Question for the Money Doctors
Question submitted on Aug 1, 2012.
QuestionI work overseas as a contractor. I am eligible for a tax exclusion. My question is: Why do contractors working overseas have this benefit? What is the reasoning behind it?
Thank you for your help
As a U.S. citizen, you are taxed on your worldwide income. However, all US citizens living abroad may qualify to exclude up to $92,900 of foreign earnings from US taxable income to partially offset the burden of double income taxation by both the United States and the resident foreign country.
To claim the foreign earned income exclusion, the foreign housing exclusion, or the foreign housing deduction, you must meet all three of the following requirements:
- Your tax home must be in a foreign country.
- You must have foreign earned income.
- You must be one of the following.
- A U.S. citizen who is a bona fide resident of a foreign country or countries for an uninterrupted period that includes an entire tax year.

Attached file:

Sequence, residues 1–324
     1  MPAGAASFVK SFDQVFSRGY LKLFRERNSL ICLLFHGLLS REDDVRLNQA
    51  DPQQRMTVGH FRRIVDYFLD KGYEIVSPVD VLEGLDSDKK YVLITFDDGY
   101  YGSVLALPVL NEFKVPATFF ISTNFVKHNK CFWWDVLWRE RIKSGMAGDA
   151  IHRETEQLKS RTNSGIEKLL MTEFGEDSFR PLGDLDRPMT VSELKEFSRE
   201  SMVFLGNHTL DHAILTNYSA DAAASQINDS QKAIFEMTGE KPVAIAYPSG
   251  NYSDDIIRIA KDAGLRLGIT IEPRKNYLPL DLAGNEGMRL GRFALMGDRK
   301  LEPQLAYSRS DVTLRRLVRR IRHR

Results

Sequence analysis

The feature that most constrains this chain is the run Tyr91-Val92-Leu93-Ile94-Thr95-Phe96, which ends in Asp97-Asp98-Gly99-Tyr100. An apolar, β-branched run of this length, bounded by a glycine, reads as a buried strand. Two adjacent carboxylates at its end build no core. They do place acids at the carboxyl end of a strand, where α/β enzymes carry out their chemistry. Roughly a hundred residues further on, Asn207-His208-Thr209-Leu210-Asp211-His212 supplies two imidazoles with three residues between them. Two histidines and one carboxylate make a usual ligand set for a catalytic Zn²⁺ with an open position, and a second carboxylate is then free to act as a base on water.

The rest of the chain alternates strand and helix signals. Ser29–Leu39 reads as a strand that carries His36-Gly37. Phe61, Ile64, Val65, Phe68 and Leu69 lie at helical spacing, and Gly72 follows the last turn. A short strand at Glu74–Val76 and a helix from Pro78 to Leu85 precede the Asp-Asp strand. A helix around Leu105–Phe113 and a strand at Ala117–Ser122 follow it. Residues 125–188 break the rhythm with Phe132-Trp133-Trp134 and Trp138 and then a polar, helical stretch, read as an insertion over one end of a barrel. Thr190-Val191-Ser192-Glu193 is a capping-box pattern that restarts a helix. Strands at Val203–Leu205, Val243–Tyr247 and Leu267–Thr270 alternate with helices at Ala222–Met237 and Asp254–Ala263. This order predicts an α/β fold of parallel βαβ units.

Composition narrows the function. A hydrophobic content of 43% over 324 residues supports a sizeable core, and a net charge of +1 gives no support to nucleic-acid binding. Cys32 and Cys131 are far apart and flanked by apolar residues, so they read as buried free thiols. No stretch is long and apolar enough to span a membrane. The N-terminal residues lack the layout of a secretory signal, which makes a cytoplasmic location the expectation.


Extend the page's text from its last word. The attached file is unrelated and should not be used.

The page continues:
- A U.S. resident alien who is a citizen or national of a country with which the United States has an income tax treaty in effect and who is a bona fide resident of a foreign country or countries for an uninterrupted period that includes an entire tax year.
- A U.S. citizen or a U.S. resident alien who is physically present in a foreign country or countries for at least 330 full days during any period of 12 consecutive months.
IRS Publication 54 discusses several tax provisions that mitigate your double taxation, such as:
- Foreign earned income exclusion
- Foreign housing exclusion and deduction
- Foreign moving expenses
- Foreign taxes
- Tax treaty benefits
That being said, please note that the income tax rules applicable to expatriates are very complex and that you would be well served by contacting a CPA/PFS who will be able to help you. Please visit www.findacpapfs.com to find a CPA/PFS in your area.
For additional information visit http://www.360financialliteracy.org/